As most of her passengers slept in their berths, RMS Empress of Ireland collided with another ship in the fog on May 29, 1914. The ocean liner sunk in just 15 minutes, taking with it 1,012 of the 1,477 passengers and crew aboard. Though it’s Canada’s largest peacetime maritime accident, many people are unaware of the disaster. But not for long, hopes Halifax artist Kyle Jackson.
“I guess it was really forgotten because the First World War started soon after after, and the Titanic was two years before it,” he says. “I like the idea of using art to breath life back into a forgotten tragedy.”
Jackson is the Canadian Museum of Immigration’s inaugural artist in residence. The program’s goal is to enable an artist to create work that advances his or her career while contributing to the museum’s mandate and engaging the public.
The project, titled To Those Still At Sea…, will feature a nearly three- by five-metre wide cross-section of the Empress of Ireland. He will place 600 small paintings on pine panels inside the ship silhouette.
“[The panels] will tell the story of what happened, of those who lost their lives, of the lives they could have had or did have,” he says. “They’ll be placed in the silhouette, but can be moved around to work with the narrative. It’ll be very tactile and colourful, but respectful.”
He’ll work on the project two days per week from May 1 until Oct. 31 in a studio that opens to the public in June. Museum visitors are invited to work on some of the panels alongside Jackson.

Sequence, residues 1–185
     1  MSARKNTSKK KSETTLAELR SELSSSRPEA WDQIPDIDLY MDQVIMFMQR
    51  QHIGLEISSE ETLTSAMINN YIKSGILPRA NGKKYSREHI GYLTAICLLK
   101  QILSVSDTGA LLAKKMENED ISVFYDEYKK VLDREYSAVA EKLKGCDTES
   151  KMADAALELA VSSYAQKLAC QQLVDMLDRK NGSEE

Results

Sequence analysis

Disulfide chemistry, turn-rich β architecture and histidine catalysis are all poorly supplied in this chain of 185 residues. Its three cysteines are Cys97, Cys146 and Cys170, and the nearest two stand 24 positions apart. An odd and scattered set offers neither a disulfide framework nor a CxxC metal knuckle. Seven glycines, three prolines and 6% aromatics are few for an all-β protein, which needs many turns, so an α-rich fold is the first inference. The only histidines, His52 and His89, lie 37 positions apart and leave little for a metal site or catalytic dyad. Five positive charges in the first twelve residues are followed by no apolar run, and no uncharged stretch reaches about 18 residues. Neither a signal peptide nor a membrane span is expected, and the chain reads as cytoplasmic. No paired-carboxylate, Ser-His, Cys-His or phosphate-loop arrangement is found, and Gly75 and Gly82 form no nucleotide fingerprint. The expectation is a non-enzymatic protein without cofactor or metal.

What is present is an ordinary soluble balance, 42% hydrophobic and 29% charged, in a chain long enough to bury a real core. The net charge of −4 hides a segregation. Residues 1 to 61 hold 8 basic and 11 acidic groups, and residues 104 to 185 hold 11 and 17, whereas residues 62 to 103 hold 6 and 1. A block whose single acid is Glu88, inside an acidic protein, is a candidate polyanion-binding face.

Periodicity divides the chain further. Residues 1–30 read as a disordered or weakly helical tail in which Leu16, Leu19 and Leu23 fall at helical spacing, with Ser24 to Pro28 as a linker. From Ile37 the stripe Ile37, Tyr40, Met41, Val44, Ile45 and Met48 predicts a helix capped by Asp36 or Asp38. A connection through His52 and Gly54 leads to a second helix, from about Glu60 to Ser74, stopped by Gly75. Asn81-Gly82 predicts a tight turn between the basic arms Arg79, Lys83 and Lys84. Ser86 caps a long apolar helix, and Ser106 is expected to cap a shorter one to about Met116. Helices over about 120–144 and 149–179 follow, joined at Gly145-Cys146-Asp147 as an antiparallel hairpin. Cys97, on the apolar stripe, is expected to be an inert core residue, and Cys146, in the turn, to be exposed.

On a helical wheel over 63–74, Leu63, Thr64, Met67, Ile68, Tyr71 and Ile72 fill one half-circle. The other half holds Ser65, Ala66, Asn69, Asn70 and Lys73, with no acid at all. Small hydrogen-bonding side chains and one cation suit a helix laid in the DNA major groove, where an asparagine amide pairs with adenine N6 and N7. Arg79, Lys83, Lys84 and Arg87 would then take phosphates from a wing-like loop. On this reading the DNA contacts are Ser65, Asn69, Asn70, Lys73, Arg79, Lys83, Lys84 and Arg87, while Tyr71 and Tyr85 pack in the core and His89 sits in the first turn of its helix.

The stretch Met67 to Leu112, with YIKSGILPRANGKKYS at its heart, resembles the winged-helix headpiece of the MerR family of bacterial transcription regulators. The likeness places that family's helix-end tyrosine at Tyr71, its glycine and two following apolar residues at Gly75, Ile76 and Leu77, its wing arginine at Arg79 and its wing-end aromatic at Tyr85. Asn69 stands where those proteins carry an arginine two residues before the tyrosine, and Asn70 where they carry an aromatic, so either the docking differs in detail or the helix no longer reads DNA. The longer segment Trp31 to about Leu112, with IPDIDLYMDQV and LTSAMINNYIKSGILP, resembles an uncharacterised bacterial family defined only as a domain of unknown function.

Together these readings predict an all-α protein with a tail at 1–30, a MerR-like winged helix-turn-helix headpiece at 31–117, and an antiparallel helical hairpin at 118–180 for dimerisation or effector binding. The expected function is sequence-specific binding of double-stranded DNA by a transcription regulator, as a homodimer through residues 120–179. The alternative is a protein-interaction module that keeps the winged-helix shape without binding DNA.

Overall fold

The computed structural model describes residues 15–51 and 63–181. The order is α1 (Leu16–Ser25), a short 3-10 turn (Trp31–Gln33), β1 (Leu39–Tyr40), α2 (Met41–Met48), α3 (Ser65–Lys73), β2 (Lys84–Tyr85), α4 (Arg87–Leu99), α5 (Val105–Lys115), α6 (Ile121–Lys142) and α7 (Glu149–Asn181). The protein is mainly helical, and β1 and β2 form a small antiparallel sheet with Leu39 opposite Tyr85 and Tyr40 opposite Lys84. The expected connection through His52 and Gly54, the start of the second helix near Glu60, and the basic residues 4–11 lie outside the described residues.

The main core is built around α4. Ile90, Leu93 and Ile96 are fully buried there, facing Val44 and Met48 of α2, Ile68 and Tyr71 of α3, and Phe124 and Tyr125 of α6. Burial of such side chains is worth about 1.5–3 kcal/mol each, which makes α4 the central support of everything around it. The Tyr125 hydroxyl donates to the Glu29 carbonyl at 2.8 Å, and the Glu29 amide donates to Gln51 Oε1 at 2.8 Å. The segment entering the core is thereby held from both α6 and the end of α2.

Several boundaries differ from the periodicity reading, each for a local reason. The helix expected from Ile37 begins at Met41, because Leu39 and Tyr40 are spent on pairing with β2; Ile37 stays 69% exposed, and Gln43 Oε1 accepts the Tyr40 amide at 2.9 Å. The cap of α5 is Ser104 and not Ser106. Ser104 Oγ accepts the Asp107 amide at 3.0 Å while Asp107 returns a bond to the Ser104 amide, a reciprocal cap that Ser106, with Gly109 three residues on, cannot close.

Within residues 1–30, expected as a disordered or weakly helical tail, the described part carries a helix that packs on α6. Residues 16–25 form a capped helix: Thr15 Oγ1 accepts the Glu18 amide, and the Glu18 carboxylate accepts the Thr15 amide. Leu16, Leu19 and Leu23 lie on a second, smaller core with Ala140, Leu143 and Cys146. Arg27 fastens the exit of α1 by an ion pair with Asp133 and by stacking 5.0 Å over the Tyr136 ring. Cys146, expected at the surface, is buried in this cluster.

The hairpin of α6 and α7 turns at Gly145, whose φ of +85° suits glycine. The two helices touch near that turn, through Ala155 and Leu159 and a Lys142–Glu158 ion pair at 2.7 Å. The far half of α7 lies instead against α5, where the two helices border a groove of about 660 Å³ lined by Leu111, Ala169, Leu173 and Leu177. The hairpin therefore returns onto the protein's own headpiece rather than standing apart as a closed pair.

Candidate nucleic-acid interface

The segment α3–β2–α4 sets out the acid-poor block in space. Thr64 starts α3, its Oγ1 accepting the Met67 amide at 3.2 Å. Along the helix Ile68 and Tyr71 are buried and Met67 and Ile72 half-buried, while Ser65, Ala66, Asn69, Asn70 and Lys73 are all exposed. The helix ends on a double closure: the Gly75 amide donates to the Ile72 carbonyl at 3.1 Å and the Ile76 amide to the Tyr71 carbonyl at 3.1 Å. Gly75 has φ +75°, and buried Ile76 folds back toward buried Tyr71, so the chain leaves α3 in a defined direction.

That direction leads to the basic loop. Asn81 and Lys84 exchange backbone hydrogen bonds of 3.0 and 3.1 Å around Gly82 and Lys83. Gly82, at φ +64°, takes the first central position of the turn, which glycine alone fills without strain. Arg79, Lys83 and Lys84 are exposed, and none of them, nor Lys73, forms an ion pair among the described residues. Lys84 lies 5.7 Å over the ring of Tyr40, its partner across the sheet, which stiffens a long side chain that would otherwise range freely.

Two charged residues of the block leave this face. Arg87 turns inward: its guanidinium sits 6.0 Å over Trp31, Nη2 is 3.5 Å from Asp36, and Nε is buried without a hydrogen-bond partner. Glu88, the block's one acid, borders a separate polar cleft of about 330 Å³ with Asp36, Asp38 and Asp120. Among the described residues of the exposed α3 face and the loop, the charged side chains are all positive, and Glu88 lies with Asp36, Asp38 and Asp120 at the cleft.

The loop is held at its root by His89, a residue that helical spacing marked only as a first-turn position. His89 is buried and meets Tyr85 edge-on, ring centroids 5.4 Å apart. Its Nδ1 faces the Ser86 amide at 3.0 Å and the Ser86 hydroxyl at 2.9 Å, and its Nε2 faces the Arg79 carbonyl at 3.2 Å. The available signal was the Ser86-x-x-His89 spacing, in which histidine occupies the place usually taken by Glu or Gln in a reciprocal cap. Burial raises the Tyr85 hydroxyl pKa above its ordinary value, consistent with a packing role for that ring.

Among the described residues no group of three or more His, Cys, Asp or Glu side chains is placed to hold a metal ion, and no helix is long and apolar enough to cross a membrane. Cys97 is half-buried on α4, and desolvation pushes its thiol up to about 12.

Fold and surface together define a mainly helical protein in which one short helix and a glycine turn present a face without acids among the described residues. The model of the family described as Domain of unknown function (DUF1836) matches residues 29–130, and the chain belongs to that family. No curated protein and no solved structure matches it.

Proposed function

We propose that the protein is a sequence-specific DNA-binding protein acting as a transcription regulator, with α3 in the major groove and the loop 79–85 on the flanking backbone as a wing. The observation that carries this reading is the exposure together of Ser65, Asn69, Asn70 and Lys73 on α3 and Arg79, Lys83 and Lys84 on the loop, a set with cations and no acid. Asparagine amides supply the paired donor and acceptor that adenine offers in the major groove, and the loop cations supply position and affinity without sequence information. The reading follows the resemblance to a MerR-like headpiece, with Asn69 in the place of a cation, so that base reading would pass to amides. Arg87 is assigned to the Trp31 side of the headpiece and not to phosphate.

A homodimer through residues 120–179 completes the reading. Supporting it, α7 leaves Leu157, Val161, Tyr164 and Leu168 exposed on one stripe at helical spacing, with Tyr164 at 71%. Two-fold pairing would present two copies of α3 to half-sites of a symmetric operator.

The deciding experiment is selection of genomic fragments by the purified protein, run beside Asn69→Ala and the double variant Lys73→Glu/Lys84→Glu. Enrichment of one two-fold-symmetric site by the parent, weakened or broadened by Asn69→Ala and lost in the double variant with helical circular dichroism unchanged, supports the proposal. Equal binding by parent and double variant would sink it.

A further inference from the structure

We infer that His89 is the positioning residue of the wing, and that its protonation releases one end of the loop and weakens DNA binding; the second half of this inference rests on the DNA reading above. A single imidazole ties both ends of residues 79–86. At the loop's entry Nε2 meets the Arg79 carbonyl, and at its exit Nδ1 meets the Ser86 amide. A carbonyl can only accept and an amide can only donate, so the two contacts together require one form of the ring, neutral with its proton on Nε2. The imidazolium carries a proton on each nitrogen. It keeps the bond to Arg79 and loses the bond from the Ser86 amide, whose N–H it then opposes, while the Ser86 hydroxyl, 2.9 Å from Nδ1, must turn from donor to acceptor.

Jackson describes the process like making a film.
“You do the raw footage first,” he says. “Everyone can come in and add to the raw footage, as the pieces are assembled, it’ll get edited. The parts that help tell the story will stay in and the things that don’t quite work will be removed as it becomes a final piece.”
The artist is best known for his paintings of Halifax. “I love the city, just flat out,” he says. “The geography, locations, like Citadel Hill, the city skyline, the harbour. I’ve painted those 25 years and I’m just in love with that motif.”
He’s often described as a folk artist, due to the colourful and tactile nature of his work, but he is educated in the fine arts. He came to Halifax to attend NSCAD in the 1980s, and never left.
Collaborative public projects like To Those Still At Sea… aren’t new for Jackson. For 15 years he volunteered with Visual Arts Nova Scotia’s Professional Artists in the Schools (PAINTS) program. He recently finished a nearly 5-metre panorama of Spring Garden Road with students from Sacred Heart School.
“We’re starting off on a voyage really,” he says of the public’s involvement with the project. “We have all of this great information; we have this big space to work in and all these tiny panels to use. Away we go, we’ll take off and see what happens.”